Friday, 8 February 2013

Quotes of the Week: From press gets credit for Chris Huhne's downfall to low pay is en Vogue

The Sun in a leader: "Be in no doubt. Were it not for The Sunday Times, lying Lib Dem toad Chris Huhne would be sitting bold as brass in the Cabinet today. Indeed, he might have been Deputy PM. He was a whisker from beating Nick Clegg to the Lib Dem leadership in 2007. Those urging a Leveson law to muzzle the Press should reflect hard on yesterday’s sensational events."

Stephen Glover in the Daily Mail: "For all its sins, the News of the World did expose the financial and moral shenanigans of politicians. After the Leveson Inquiry, some members of the political class are lining up to do their utmost to make it more difficult for other newspapers to do the same. If we can be sure that without the News of the World, Chris Huhne would still be lording it over us in the Department of Energy, we also have good reasons for wondering whether in a post-Leveson world it would be possible for newspapers to expose the mass fiddling of expenses by MPs."

Ex-News of the World reporter Tim Wood on the Exaro News website on News Corp's Management and Standards Committee: "The MSC was established to counter damaging claims of a cover-up at News International over phone hacking. But I believe that it has gone too far, betraying more confidential sources than any other body or person in the history of journalism."

Andrew Sullivan in the Sunday Times [£]: "Go to a dentist’s waiting room and look around. Once upon a time this was the equivalent of a prison cell in which it was mandatory to read magazines. What else were you going to do: admire the bad art on the walls? These days everyone is looking at their phones. The other week I saw someone on a train holding a broadsheet newspaper open to read and thought: did he forget his iPad?" 

Jemima Khan in the New Statesman: "We all want a hero. After WikiLeaks released the infamous Collateral Murder video in 2010, showing US troops gunning down a dozen civilians in Iraq, I jokingly asked if Assange was the new Jason Bourne, on the run and persecuted by the state. It would be a tragedy if a man who has done so much good were to end up tolerating only disciples and unwavering devotion, more like an Australian L Ron Hubbard."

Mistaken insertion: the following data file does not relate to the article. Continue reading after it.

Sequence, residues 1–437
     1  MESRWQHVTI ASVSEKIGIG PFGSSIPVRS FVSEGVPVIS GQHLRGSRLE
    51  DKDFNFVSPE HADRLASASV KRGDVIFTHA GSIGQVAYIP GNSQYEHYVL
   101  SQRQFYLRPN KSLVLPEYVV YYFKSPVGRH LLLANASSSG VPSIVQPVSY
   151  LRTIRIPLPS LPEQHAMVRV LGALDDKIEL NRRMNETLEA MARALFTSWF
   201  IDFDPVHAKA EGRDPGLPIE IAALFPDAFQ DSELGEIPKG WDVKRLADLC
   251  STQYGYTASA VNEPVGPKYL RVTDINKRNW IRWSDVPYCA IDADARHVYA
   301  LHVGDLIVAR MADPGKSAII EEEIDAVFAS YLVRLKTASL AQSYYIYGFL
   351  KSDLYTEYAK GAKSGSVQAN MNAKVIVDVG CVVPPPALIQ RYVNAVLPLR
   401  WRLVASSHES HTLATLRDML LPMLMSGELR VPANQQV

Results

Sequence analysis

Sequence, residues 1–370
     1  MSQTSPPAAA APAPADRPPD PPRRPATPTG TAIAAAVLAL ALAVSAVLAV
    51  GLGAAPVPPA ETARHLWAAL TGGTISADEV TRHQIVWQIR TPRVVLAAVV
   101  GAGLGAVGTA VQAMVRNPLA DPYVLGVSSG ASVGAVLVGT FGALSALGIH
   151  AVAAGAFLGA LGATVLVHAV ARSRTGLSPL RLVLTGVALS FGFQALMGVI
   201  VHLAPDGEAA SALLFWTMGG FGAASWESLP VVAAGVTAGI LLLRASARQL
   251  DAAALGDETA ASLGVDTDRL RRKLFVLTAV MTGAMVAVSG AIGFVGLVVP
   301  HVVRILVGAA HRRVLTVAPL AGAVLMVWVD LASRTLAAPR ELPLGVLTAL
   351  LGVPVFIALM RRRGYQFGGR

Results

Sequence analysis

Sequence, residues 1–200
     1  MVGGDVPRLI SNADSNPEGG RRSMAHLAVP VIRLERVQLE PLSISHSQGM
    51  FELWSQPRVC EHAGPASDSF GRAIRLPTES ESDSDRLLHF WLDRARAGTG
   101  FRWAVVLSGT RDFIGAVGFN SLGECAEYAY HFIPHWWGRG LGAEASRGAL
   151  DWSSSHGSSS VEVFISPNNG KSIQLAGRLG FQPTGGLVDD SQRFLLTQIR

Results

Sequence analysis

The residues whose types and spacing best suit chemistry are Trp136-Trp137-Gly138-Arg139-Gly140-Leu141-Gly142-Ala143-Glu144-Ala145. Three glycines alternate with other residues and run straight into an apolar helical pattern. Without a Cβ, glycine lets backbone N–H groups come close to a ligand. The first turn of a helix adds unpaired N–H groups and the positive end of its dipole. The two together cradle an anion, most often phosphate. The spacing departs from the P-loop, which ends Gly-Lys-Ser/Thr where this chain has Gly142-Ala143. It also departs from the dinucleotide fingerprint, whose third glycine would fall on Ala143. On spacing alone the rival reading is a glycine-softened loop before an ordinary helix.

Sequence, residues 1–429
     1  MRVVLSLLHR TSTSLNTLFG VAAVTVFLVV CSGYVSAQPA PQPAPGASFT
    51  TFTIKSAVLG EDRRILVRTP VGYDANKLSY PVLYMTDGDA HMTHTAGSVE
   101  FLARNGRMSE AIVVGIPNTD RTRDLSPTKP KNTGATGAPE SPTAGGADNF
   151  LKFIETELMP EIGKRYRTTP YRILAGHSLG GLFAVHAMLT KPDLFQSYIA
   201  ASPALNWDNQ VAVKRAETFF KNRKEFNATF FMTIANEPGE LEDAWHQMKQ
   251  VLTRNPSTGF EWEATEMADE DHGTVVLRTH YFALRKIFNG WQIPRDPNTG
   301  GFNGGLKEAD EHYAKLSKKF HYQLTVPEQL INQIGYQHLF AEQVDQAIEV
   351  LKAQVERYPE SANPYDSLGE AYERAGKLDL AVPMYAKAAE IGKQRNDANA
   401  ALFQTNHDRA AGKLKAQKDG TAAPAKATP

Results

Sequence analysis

Richard Littlejohn in the Daily Mail: "These are sinister times for all those of us who believe in the freedom of the Press, which is under sustained assault from the police and the political class. The sentence handed to DCI Casburn could have been designed to put the frighteners on future whistleblowers. If dozens of journalists were being rounded up without charge in Russia or Iran, the so-called 'liberal' Establishment would be screaming from the rooftops. But when it happens in their own backyard, not a dicky bird."

Peter Preston in the Observer on broadcasters support for statutory regulation of newspapers: "But surely Greg Dyke and Kevin Marsh remember the catastrophe of Andrew Gilligan, David Kelly and the Hutton report? Surely Kevin remembers the Downing Street waves that lapped around him? And surely Greg remembers the vote by the BBC governors – chaired then by a former chief whip – that swept him out of office? It might be helpful at this difficult stage if lovers of editorial freedom rattled the chains that tie them down rather than demanded more chains for everyone."

Former Nottingham Evening Post editor Barrie Williams on Press Gazette: "In Nottingham in 1993 I took on 17 kids straight from comprehensive schools, gave them each a bike and a laptop and let them loose on their own council estates to serve a neglected readership with which most over-educated middle-class ‘proper’ journalists had no rapport whatsoever. I’ve never forgiven my successor for abandoning that project!"

Vogue editor Alexandra Shulman in the Sunday Times Magazine [£]: "We’ve recently grown from a staff of 36 to 50, and as it is I’m already horrified by how little people earn."

[£] = paywall.

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